Friday, December 19, 2014   

British banana lust drives growers into poverty
(02-26 10:36)

When a banana flown half-way round the world costs half the price of an apple grown in Britain, many wonder whether Latin American banana producers are getting a fair deal.
The British love eating bananas. Each Briton eats 100 bananas a year. Most are from Latin America: 28 percent from Colombia; 24 percent from the Dominican Republic; 16 percent from Ecuador and the remaining 32 percent from other countries, AFP reports.
The government began a national banana day in 1946, in which each child received a ration of one banana when imports resumed again.
Britain's Fairtrade Foundation charity, began a campaign in London this week to declare a truce in the price battle that ends up with growers, mostly in Latin America, selling their bananas at below the cost of production.
Britain is the only country among the bigger European states where bananas are now cheaper than they were a decade ago. In Germany, France and Italy, prices have risen.
A banana that cost 18 pence (30 US cents) in Britain in 2002 now costs 11 pence – about half the price of a locally-grown apple, according to the French Agricultural Research Centre for International Development.
Fairtrade Foundation chief executive Michael Gidney said: “Small farmers and plantation workers are the collateral damage in supermarket price wars.
“The poorest people are bearing the cost of our cheap bananas and they have to work harder as what they earn is worth less and less in their communities,'' he told a London press conference.
“As a result, a product that is worth billions of pounds in global trade relies on poverty-level income for the people who grow it.''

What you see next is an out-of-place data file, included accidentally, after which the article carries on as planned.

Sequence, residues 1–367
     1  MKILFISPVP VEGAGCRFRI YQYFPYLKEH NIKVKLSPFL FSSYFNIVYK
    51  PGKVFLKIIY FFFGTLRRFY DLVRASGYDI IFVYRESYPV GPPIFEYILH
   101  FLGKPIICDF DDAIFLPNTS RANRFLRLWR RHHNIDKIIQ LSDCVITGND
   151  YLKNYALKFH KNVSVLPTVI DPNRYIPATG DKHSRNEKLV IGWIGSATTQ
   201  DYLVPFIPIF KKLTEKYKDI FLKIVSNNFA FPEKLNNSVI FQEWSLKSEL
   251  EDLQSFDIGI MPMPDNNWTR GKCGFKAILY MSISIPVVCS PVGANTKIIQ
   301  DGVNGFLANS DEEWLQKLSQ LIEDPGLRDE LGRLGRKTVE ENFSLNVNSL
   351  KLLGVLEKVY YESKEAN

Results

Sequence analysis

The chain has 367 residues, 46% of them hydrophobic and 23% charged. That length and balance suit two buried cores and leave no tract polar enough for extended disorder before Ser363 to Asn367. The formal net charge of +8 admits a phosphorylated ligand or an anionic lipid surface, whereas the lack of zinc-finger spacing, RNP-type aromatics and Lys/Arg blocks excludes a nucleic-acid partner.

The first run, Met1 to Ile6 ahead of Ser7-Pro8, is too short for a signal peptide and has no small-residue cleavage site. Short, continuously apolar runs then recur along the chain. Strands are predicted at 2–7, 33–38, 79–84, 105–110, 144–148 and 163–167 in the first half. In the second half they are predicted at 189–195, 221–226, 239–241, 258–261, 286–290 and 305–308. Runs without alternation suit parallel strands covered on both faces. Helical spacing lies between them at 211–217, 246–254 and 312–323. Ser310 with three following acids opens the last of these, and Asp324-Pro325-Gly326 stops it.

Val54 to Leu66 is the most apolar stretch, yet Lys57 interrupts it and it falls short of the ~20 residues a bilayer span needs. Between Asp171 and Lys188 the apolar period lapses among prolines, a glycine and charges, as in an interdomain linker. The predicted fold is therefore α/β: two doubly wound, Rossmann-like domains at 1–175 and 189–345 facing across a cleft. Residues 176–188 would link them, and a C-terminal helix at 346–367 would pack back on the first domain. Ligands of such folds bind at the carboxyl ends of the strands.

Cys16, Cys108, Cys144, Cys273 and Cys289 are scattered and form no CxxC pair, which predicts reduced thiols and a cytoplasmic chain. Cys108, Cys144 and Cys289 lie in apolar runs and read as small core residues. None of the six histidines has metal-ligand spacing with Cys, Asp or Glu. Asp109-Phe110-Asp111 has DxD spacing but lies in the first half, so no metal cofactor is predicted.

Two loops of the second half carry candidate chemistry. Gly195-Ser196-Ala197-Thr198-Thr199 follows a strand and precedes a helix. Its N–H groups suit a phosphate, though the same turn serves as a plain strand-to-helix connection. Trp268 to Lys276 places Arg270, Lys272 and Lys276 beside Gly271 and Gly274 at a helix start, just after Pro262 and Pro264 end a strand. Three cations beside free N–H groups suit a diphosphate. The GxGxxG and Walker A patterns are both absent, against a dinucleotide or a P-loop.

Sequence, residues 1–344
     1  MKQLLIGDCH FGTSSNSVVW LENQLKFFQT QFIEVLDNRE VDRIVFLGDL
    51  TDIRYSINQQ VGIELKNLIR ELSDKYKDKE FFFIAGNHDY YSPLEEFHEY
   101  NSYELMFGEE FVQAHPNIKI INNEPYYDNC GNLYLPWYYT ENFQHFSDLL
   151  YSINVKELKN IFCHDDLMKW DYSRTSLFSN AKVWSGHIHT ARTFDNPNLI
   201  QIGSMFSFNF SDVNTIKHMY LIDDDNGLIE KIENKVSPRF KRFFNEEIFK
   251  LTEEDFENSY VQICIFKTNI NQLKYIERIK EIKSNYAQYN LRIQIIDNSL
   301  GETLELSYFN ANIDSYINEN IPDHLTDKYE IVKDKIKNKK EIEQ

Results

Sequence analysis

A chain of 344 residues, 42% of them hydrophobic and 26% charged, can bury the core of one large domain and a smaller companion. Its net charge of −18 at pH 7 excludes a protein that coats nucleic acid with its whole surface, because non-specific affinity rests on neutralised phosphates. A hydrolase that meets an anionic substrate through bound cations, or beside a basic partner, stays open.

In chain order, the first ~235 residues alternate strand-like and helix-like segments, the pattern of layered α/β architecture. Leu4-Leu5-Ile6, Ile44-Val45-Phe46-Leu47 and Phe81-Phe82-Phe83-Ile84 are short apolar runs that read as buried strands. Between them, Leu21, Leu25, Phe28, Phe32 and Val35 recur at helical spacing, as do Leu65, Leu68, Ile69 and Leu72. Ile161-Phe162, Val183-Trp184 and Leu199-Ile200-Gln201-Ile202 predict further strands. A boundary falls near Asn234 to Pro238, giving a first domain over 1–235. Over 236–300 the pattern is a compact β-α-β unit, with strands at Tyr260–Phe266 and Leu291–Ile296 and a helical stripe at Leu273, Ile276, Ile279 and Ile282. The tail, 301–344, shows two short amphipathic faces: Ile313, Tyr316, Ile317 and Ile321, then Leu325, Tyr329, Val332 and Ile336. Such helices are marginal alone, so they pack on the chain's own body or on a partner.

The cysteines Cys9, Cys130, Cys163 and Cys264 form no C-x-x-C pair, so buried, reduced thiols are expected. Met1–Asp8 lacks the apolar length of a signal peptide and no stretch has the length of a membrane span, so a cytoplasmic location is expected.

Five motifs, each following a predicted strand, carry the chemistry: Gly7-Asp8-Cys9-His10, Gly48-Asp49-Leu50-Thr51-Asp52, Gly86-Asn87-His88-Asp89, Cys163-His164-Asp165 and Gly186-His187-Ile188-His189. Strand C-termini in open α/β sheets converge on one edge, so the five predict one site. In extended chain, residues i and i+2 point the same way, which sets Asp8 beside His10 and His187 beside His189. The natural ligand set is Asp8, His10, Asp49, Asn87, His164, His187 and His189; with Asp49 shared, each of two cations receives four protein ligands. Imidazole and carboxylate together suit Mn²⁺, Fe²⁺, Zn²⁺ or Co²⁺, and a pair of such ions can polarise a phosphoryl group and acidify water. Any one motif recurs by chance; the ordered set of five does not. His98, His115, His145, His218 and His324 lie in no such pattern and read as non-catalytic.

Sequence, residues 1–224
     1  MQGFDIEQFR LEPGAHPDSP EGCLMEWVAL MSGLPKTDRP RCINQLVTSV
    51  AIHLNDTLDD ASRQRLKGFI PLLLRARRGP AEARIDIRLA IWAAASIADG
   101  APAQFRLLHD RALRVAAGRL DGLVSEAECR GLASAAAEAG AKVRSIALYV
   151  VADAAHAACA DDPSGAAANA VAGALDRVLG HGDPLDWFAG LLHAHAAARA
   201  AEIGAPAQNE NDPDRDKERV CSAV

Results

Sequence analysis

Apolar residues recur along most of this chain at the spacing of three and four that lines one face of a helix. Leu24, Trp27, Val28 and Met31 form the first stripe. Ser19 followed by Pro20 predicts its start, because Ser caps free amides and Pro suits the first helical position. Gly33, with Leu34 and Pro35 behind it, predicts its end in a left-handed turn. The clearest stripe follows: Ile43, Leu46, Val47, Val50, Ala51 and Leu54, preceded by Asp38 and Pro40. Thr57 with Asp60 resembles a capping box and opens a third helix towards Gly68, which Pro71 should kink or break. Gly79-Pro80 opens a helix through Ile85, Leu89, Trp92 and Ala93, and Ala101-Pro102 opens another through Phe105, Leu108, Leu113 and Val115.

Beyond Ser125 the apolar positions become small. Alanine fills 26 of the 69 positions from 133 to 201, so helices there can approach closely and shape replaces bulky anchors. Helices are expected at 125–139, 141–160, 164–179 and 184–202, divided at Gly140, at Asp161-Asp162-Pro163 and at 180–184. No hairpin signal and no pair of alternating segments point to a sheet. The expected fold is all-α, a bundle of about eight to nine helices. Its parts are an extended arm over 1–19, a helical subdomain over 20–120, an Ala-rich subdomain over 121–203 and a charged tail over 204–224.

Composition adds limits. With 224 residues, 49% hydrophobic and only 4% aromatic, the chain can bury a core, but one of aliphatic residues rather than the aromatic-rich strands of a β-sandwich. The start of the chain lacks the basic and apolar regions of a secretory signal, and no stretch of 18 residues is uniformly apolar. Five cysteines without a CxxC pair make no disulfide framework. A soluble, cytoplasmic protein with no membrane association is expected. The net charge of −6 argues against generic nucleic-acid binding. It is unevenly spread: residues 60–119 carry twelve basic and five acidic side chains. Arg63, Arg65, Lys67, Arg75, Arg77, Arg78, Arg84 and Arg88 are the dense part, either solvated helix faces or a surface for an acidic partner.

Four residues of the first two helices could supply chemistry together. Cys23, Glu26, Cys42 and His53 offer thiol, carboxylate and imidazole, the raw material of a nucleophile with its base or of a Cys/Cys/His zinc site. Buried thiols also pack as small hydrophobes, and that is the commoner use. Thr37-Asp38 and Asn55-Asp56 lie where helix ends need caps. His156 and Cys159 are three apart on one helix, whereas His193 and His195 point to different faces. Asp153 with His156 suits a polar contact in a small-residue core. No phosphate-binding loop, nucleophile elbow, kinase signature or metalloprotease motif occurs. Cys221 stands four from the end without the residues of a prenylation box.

Alfonso Cantillo, a Colombian banana producer from the north coast Magdalena area who sells to Britain, was invited to London by Fairtrade to highlight the issue.
He said he receives US$8.15 per 18-kilogram box. His production cost is US$9.
“We get no real benefit for what we invest. It's very frustrating,'' Cantillo said.
“When banana prices fall, we suffer from the impact. Our living conditions go down. We need price stability.''
Not even the supermarkets are making money on bananas. Fairtrade said retailer representatives estimate the big chains may be losing money as a result of banana price competition.
Fairtrade has focused on bananas rather than other produce because “what has happened on the price of bananas is quite extraordinary,’’ said Barbara Crowther, director of policy and public affairs.
   
Other Business breaking news:
BOC Aviation adds two more Boeing jets to earlier order spree (1 hr 11 mins ago)
Nikkei finishes higher (1 hr 32 mins ago)
Hang Seng jumps at noon (2 hrs 55 mins ago)
BoJ strikes more upbeat view on economy, holds off fresh measures (12-19 12:16)
China total GDP revised up 3.4% in 2013: govt (12-19 11:26)
Nikkei up by break (12-19 11:17)
UK retail sales surge thanks to 'Black Friday' (12-18 18:31)
Cautious Japanese firms holding record assets: BoJ (12-18 17:24)
German business confidence grows in December (12-18 17:23)
Swiss central bank introduces negative interest rate (12-18 17:03)

More breaking news >>

© 2014 The Standard, The Standard Newspapers Publishing Ltd.
Contact Us | About Us | Newsfeeds | Subscriptions | Print Ad. | Online Ad. | Street Pts

 


Home | Top News | Local | Business | China | ViewPoint | CityTalk | World | Sports | People | Central Station | Spree | Features

The Standard

Trademark and Copyright Notice: Copyright 2014, The Standard Newspaper Publishing Ltd., and its related entities. All rights reserved.  Use in whole or part of this site's content is prohibited.   Use of this Web site assumes acceptance of the
Terms of Use, Privacy Policy Statement and Copyright Policy.  Please also read our Ethics Statement.